Thursday, April 6, 2017
Dr. Myles joined the USA College of Medicine in 1992 and has made significant contributions to higher education and the community, particularly in the area of diversity and inclusion. She has been involved with the USA College of Medicine in numerous capacities, serving as minority outreach officer and co-director of the community engagement core of the USA College of Medicine Center of Excellence.
View more photos from Dr. Myles' retirement reception here.
This program is designed as an interdisciplinary conference for parents, caregivers and service providers. The conference is open to all interested in increasing knowledge, addressing outreach and improving outcomes in adults with autism. Certificates of attendance will be provided for training programs.
Conference speakers include Nancy Anderson, associate director of the Alabama Disabilities Advocacy Program; Brooke Bowles, founder and executive director of Triumph Services, Inc.; Anna McConnell, LCSW, MPH, Autism Society of Alabama Community outreach coordinator; and Dr. Kim Zlomke, licensed clinical psychologist and a board-certified behavior analyst.
The USA Regional Autism Network (RAN), which serves Mobile, Baldwin, Washington, Clarke, Monroe, Conecuh and Escambia Counties, joined the University of Alabama at Birmingham and Auburn University to make up the Alabama Regional Autism Network. The network was created to empower those who have autism spectrum disorders, as well as their families and care providers
Advanced conference registration is requested. For more information and to register, click here.
The multi-day meeting provided a platform for physicians and scientists to exchange new ideas and information related to the field of epilepsy. “We are the only remaining regional society for epilepsy, and our small size allows us to focus on very specific topics in detail,” Dr. Naritoku said. “That cannot be done at a huge meeting.” The meeting was limited to 100 attendees, which fostered small-group discussion and feedback during the sessions.
The event featured 16 speakers who discussed several leading-edge topics on the pathophysiology and treatment of epilepsy. Dr. Naritoku presented “Does Rational Polytherapy Exist?” and Dr. Olivier Darbin, assistant professor of neurology at the USA College of Medicine, presented “The Basis and Rationale for using Nonlinear Signal Analysis for Brain Function.”
As president, Dr. Naritoku is responsible for organizing the meeting, moderating the programs and establishing the programming for the SEEEG annual meeting. “The Southern Epilepsy and EEG Society features venues in the Southeast,” Dr. Naritoku said. “Since we have never had any major epilepsy meetings here in the past, I thought it was a good opportunity to showcase how great Mobile is and the unique experience of Mardi Gras.”
Founded in 1948 as the Southern EEG Society, the Southern Epilepsy and EEG Society is a scientific and educational association with members throughout the Southern and greater United States and is open to physicians and scientists from all areas. The SEEEG is dedicated to advancing the fields of epilepsy and EEG in order to provide quality care to the public, increase physician knowledge of epilepsy, and improve patient care.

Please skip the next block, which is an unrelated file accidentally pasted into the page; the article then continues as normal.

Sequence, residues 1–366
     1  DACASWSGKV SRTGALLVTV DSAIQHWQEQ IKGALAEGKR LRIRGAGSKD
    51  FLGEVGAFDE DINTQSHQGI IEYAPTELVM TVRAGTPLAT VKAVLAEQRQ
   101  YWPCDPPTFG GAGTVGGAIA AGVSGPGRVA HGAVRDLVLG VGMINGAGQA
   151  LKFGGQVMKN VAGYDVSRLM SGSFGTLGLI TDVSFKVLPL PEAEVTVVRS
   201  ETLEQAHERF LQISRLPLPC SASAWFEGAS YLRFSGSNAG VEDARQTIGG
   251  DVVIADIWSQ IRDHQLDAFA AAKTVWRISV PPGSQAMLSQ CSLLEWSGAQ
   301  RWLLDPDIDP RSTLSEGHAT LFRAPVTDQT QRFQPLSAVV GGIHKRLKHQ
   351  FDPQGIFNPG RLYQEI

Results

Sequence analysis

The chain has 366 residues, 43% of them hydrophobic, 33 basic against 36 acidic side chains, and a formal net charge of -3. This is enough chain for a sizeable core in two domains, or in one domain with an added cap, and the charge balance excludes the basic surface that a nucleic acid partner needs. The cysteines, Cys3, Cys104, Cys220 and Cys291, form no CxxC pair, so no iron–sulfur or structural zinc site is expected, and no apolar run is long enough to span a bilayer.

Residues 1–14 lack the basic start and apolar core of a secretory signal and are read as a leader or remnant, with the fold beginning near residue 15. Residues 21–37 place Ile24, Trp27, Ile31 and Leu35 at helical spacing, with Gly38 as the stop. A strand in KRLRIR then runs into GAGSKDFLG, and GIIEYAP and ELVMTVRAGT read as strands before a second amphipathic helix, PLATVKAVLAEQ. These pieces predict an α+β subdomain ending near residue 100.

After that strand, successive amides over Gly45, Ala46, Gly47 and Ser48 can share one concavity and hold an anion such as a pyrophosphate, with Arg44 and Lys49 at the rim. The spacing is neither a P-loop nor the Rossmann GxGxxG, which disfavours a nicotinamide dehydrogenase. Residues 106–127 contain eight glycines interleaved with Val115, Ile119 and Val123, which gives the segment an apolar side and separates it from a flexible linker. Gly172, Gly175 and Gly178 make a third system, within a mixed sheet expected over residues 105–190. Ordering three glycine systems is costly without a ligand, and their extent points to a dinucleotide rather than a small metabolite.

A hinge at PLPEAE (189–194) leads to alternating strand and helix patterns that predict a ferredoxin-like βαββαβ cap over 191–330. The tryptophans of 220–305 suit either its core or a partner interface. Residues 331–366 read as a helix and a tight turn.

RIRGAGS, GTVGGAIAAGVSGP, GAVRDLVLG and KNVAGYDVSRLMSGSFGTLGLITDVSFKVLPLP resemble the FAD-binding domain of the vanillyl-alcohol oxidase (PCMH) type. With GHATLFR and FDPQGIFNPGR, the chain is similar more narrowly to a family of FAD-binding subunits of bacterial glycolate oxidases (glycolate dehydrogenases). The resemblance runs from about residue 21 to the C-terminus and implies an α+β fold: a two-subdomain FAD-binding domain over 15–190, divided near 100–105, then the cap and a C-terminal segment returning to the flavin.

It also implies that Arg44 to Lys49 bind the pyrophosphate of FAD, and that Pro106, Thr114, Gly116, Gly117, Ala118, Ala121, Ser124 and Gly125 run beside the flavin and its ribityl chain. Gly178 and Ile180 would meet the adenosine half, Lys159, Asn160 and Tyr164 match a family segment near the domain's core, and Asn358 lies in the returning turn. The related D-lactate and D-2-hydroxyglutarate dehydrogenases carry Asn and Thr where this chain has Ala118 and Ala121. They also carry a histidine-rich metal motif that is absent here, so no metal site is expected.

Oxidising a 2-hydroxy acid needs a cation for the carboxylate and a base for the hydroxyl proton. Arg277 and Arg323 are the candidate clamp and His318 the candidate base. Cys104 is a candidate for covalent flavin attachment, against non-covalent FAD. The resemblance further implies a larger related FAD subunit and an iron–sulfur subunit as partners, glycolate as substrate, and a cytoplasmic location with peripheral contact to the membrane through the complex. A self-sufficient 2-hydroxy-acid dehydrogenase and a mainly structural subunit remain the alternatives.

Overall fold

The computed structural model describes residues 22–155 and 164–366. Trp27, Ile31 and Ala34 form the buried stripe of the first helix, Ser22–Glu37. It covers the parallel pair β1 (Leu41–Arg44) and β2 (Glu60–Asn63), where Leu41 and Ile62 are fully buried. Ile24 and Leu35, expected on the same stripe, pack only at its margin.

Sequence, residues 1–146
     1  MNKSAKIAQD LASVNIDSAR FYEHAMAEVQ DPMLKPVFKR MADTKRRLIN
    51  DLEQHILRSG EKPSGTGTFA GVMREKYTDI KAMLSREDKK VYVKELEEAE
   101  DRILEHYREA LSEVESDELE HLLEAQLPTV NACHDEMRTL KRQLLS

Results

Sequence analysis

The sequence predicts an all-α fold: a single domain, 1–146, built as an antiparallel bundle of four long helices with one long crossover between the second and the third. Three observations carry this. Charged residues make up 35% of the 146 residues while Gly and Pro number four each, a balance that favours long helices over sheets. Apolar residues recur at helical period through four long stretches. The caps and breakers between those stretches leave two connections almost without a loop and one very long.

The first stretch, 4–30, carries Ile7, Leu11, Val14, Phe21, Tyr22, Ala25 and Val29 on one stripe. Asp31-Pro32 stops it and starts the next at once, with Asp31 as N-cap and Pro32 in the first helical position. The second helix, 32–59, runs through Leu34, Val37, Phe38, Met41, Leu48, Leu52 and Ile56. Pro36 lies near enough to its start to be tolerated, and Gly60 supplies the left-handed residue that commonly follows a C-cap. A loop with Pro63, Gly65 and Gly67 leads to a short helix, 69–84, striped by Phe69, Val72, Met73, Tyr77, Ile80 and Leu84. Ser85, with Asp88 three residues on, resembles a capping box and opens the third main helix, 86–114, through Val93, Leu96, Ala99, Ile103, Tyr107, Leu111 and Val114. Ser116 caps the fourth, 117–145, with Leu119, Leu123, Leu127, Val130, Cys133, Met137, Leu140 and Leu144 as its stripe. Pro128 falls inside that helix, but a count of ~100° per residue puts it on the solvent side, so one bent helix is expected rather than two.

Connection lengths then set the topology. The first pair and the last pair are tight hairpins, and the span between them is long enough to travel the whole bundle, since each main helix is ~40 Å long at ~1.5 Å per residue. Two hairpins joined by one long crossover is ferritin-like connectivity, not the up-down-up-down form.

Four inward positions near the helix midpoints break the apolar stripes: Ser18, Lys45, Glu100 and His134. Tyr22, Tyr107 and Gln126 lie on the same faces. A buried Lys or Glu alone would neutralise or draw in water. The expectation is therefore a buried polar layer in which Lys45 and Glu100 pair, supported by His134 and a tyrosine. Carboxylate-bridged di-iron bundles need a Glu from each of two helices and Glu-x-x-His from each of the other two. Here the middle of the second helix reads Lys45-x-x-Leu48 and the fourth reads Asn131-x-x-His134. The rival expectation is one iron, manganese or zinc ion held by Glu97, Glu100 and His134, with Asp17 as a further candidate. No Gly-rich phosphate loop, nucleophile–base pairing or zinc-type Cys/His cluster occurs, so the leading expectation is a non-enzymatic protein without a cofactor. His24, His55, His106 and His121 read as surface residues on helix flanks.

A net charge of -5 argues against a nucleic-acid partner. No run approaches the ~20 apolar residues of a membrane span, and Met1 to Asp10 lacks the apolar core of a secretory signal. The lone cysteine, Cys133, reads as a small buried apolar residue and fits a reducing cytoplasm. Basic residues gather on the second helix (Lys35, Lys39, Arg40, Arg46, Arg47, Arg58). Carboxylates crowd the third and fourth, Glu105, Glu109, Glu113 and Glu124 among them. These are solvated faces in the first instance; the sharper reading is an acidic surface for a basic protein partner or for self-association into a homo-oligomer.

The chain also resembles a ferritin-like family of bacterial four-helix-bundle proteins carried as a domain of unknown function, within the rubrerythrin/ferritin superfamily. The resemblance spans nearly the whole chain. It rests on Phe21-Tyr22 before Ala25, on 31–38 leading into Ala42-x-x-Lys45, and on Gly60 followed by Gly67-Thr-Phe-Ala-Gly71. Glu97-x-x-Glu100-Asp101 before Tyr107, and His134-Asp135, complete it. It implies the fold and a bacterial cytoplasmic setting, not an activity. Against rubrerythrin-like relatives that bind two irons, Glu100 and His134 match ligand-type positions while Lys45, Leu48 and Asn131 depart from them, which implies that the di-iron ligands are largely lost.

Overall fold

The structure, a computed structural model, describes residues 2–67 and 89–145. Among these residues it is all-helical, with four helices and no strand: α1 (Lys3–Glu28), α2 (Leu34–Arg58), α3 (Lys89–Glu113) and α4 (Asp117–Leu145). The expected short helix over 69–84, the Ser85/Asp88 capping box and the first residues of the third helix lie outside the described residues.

For more information about the Southern Epilepsy and EEG Society, click here.
To view more photos from the event, click here.
Tuesday, April 4, 2017
|USA College of Medicine first-year medical students mentor children at Forest Hill Elementary School on March 10, 2017, in Mobile, Ala.|
The students have each been assigned Little Brothers and Sisters and regularly make visits to the school to spend time with those they are mentoring. “I visit my Little every Friday afternoon, which gives us an hour to hang out and spend time together, sometimes playing basketball in the gym or visiting the library,” said first-year medical student and Big Brother Josh Ousley. “The time I spend with him hopefully builds a trusting relationship so that he can confide in me during tough times.”
By spending time in the community, the medical students are reminded of the benefits of serving those in need. Malik McMullin, first-year medical student and Big Brother, said that the connection he is making with his Little Brother encourages an interest in math and science, plus an early interest in pursuing a college degree. “Volunteering is important because it helps us remember that we are servants first,” McMullin said. “These are our future neighbors, patients and co-workers, and we want to see them succeed.”
Volunteering with BBBSSA has given the medical students confirmation that a lifetime in the medical field is the right choice for them. “Volunteering with my Little reminds me why I want to pursue a career in pediatrics,” McMullin said. Jazmin Scott, first-year medical student and Big Sister, added, “I think that it is incredibly important that we put time and energy into today’s children so that they can have a bright future.”
The BBBSSA students plan to continue their service to the community throughout their medical school careers. Maria Siow, a first-year medical student and Big Sister, said that she plans to continue her work with her Little Sister while also working with the Student-Run Free Clinic. “It’s important for me to continue to connect with the community,” she said.
Students are strongly encouraged to get involved with BBBSSA. “I wish I had gotten involved in the program sooner while earning my undergraduate degree,” said Scott. “I think volunteering gives medical students a tangible way to make a difference in our community.”
Learn more about BBBSSA here.